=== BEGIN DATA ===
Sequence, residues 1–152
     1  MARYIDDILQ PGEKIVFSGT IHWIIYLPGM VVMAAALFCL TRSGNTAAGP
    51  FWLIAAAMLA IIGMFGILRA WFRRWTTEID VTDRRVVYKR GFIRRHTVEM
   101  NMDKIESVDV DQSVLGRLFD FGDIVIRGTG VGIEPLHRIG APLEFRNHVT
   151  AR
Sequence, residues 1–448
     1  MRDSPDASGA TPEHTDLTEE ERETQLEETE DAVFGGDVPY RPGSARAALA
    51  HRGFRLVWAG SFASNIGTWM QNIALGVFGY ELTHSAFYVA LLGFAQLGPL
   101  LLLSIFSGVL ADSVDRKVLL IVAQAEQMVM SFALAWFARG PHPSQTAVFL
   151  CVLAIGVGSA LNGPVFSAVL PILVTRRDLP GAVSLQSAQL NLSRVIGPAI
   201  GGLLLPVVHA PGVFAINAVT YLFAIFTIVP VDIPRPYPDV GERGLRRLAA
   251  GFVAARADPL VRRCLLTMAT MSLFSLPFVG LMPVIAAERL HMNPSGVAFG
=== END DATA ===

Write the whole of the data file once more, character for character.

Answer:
Sequence, residues 1–152
     1  MARYIDDILQ PGEKIVFSGT IHWIIYLPGM VVMAAALFCL TRSGNTAAGP
    51  FWLIAAAMLA IIGMFGILRA WFRRWTTEID VTDRRVVYKR GFIRRHTVEM
   101  NMDKIESVDV DQSVLGRLFD FGDIVIRGTG VGIEPLHRIG APLEFRNHVT
   151  AR
Sequence, residues 1–448
     1  MRDSPDASGA TPEHTDLTEE ERETQLEETE DAVFGGDVPY RPGSARAALA
    51  HRGFRLVWAG SFASNIGTWM QNIALGVFGY ELTHSAFYVA LLGFAQLGPL
   101  LLLSIFSGVL ADSVDRKVLL IVAQAEQMVM SFALAWFARG PHPSQTAVFL
   151  CVLAIGVGSA LNGPVFSAVL PILVTRRDLP GAVSLQSAQL NLSRVIGPAI
   201  GGLLLPVVHA PGVFAINAVT YLFAIFTIVP VDIPRPYPDV GERGLRRLAA
   251  GFVAARADPL VRRCLLTMAT MSLFSLPFVG LMPVIAAERL HMNPSGVAFG